We have four gems for you this week. Hope you enjoy the latest chapters of these ongoing series.
Channel 4 (in the UK) have started showing a series where a group of 5 mothers are tasked to make a porn film they would rather their children saw instead of the stuff that is out there. The main themes that came across were the degradation of the women involved, the lack of respect and the lack of consent.
The first episode was very female-centric, and they went to see how porn was made, both of these were produced by women. I would have like to see the male point of view and more voxpops from young men, after all, it is their consumption of porn that influences their views of sex and what women want. I think if the Mums are going to make a responsible pron film then they need to know what the young men want from porn and why they view it. Perhaps future episodes will look into this.
I’ve made some screencaps of a porn performer Sam. Cute, hung and uncut.
Well, it seems that I’m wanted by the CIA! They say they’ve discovered evidence of me distributing pornographic images of under-age children. This technician wants $10,000 to delete the evidence.
Now the hacker email from several months ago seemed more plausible. This one is just too far-fetched. I doubt that the CIA would pre-warn me, the price is far too high for ordinary people to pay and an unscrupulous employee of the CIA wouldn’t email from a CIA email.
I just get so tired of this shit! I get so much spam I’m sure I miss some important emails. If anyone has any ideas how to filter all this shit, I would sincerely appreciate it.
Happy St. Patricks Day. I won’t crow about Wales beating Ireland in the Six Nations Rugby yesterday to win the Grand Slam. Well done Wales! It was a great game and Ireland did play well. I know I always say how proud I am of my welsh heritage, but I am also one quarter Irish – I’m a regular British mongrel. Pity I don’t like Guinness. But I will raise a nice glass of white wine to the Irish. Sláinte
This week’s update sees the start of M/V Lady Jean Peterson by BobbyG. The eagle-eyed of you will notice that we have already published this series. However, this is a new re-edited version. The original version has now been removed, so please take a second look, or if you missed it the first time around, a first look.
I don’t know how much the international community know about the UK miners’ strike between 1984 and 1985. Even in the UK knowledge is a little sketchy and depends on where you live. The south of the country was really not affected, and so they don’t necessarily understand what was actually happening.
I live in an ex-mining area (thanks to the dispute), and feelings still run pretty raw, even after nearly 35 years. I was a child at the time but the Midlands and Yorkshire were pretty much a police state during the strike, with travelling being monitored and challenged.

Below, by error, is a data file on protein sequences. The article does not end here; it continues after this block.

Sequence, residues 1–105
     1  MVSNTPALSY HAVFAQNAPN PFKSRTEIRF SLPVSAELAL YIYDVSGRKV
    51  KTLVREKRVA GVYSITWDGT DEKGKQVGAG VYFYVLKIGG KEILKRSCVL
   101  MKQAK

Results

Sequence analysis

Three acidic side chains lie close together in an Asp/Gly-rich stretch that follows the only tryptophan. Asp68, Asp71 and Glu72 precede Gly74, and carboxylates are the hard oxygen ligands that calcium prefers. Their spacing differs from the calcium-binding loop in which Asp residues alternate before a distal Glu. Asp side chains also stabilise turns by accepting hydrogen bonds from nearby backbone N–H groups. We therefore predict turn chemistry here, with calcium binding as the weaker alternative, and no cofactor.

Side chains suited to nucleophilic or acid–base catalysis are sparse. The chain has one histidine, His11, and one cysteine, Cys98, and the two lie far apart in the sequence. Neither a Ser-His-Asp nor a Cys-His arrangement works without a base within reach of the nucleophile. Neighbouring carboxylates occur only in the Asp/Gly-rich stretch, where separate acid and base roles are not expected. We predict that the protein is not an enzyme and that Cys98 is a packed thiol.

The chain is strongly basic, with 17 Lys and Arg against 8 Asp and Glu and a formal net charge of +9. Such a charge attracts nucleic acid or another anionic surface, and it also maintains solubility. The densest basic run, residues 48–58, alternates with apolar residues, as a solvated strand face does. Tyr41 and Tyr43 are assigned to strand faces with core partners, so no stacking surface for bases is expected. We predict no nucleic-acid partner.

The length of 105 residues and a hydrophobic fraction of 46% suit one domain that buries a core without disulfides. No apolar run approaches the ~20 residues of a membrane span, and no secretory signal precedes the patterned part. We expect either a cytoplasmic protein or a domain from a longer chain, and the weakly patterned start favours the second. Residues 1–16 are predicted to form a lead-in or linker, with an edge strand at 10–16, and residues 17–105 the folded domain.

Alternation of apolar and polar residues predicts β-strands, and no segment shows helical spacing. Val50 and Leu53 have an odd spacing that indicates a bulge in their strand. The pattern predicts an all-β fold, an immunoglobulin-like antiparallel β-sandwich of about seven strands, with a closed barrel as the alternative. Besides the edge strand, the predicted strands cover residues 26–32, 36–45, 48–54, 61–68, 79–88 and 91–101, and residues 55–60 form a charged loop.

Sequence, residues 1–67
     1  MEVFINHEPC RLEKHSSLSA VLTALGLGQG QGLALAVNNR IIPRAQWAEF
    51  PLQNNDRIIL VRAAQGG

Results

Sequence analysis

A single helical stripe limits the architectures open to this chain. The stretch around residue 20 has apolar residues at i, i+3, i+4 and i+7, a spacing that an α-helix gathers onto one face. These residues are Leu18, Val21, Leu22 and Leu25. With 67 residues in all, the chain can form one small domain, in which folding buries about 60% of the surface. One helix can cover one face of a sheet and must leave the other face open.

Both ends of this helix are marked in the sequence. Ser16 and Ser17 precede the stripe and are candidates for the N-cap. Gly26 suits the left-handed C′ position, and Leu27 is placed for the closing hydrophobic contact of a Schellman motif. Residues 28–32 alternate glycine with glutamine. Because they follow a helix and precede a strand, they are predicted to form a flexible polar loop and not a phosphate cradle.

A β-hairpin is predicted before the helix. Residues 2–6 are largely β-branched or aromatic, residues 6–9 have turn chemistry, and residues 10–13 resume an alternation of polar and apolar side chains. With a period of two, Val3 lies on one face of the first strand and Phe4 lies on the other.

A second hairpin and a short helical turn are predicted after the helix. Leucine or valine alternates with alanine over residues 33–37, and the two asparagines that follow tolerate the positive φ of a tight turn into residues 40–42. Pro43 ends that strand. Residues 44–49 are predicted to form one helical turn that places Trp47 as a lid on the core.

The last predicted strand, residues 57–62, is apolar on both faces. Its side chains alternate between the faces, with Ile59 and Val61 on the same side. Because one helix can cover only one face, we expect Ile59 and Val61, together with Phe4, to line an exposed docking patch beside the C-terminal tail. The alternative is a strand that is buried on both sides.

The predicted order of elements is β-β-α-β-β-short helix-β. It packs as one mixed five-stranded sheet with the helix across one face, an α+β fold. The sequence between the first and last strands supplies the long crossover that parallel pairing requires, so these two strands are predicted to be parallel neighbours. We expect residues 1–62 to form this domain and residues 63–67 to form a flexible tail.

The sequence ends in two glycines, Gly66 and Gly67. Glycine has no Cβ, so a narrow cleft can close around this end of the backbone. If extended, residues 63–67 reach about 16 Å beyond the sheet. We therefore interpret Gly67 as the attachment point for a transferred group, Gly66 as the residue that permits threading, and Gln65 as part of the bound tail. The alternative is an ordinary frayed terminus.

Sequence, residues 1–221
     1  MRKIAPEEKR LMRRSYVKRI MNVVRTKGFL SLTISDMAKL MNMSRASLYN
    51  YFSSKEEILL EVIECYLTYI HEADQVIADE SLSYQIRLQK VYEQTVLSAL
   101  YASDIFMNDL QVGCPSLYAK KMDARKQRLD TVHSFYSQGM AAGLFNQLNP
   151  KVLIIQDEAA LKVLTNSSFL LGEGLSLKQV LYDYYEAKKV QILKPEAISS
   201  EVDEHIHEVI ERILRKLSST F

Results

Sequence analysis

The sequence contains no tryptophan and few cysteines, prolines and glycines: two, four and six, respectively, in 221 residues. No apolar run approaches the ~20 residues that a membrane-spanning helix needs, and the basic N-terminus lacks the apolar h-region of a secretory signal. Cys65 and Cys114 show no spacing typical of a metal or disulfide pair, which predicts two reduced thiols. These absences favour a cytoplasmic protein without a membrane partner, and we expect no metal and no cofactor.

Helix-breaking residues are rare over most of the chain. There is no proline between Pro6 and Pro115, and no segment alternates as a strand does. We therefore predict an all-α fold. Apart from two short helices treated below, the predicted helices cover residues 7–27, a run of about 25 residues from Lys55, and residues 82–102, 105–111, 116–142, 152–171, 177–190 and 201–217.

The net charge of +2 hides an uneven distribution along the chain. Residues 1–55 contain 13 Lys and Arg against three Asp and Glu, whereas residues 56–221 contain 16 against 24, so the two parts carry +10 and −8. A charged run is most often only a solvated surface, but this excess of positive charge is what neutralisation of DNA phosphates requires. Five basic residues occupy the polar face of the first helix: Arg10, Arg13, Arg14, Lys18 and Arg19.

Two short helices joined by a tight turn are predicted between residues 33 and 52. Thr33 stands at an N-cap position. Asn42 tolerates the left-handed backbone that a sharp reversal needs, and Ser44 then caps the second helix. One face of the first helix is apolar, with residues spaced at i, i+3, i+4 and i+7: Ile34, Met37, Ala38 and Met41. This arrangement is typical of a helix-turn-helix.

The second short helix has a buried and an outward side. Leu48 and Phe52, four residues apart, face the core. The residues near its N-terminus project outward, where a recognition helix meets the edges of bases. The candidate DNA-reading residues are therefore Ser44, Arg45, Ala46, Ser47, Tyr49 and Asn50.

Yesterday, I watched the play “Wonderland” about the miners’ strike. It brought back memories of the time but was a brilliant and sometimes difficult watch. The first act centred on the miners, their relationships and life underground. It also had some laugh out loud moments. The second act centred on the strike and the effects on the miners and also the politics behind it.
In Nottinghamshire, the strike broke apart communities and even families. Fathers and sons who worked down the mine together were set against each other as one would break the strike to be able to look after their family. Families were given food parcels to survive, but there was no money to pay bills, so they were left with no electricity and had to resort to picking through rubble for scraps of coal to heat their homes. Even the union split and miners wanting/needing to work setting up the UDM (Union of Democratic Mineworkers).
Over thirty years before Brexit, it was the Miners’ Strike of 1984/85 that split the country, communities and families. It was dark times for the country.
And now to lower the tone!
I had no idea when I booked to see the play, but there was a bit of nudity. Miners get pretty dirty, and there was one short scene with them in the shower. Although it was dark, we did get to see everything. The notable view was of Joshua Glenister. Such a nice view. But let that not distract from the fantastic performances of all the actors.
Another good reason to love Joe Root. A great cricketer and now a great ambassador for humanity.
During a tense moment of the match, West Indies bowler Shannon Gabriel asks Joe Root, “Why are you smiling? Do you like boys?”
Joe Root retorts, “Don’t use it as an insult. There’s nothing wrong with being gay.”
You’ve just got to love what Joe said in response.
Gabriel’s comments landed him a four-match ban and fined 75% of his pay for the match.
Afterwards, in a statement, Gabriel said, “I know now that it was offensive and for that, I am deeply sorry… To my team-mates and members of the England team, especially their captain Joe Root, I extend an unreserved apology for a comment which in the context of on-the-field rivalry, I assumed was inoffensive sporting banter.”
All this reminds me of a time in the early 2000s when I was training a young woman, and whenever she got frustrated or thought something didn’t work very well, she would say, “That’s so gay.”
It really rankled me, but she kept on saying it. So eventually I had to say something about how I didn’t like her using that word in that manner. Her response was ok, and she understood, but she did say that she had gay friends who used it.
Perhaps it’s just me, being an older gay, not liking the way the youngsters used the term. But associating the word gay with bad things is a retrograde step in my opinion. Gay does not mean bad, or faulty, or crap. Being gay means being human and having the same rights as every other human in the UK.
For those interested, Shannon Gabriel’s statement, in full.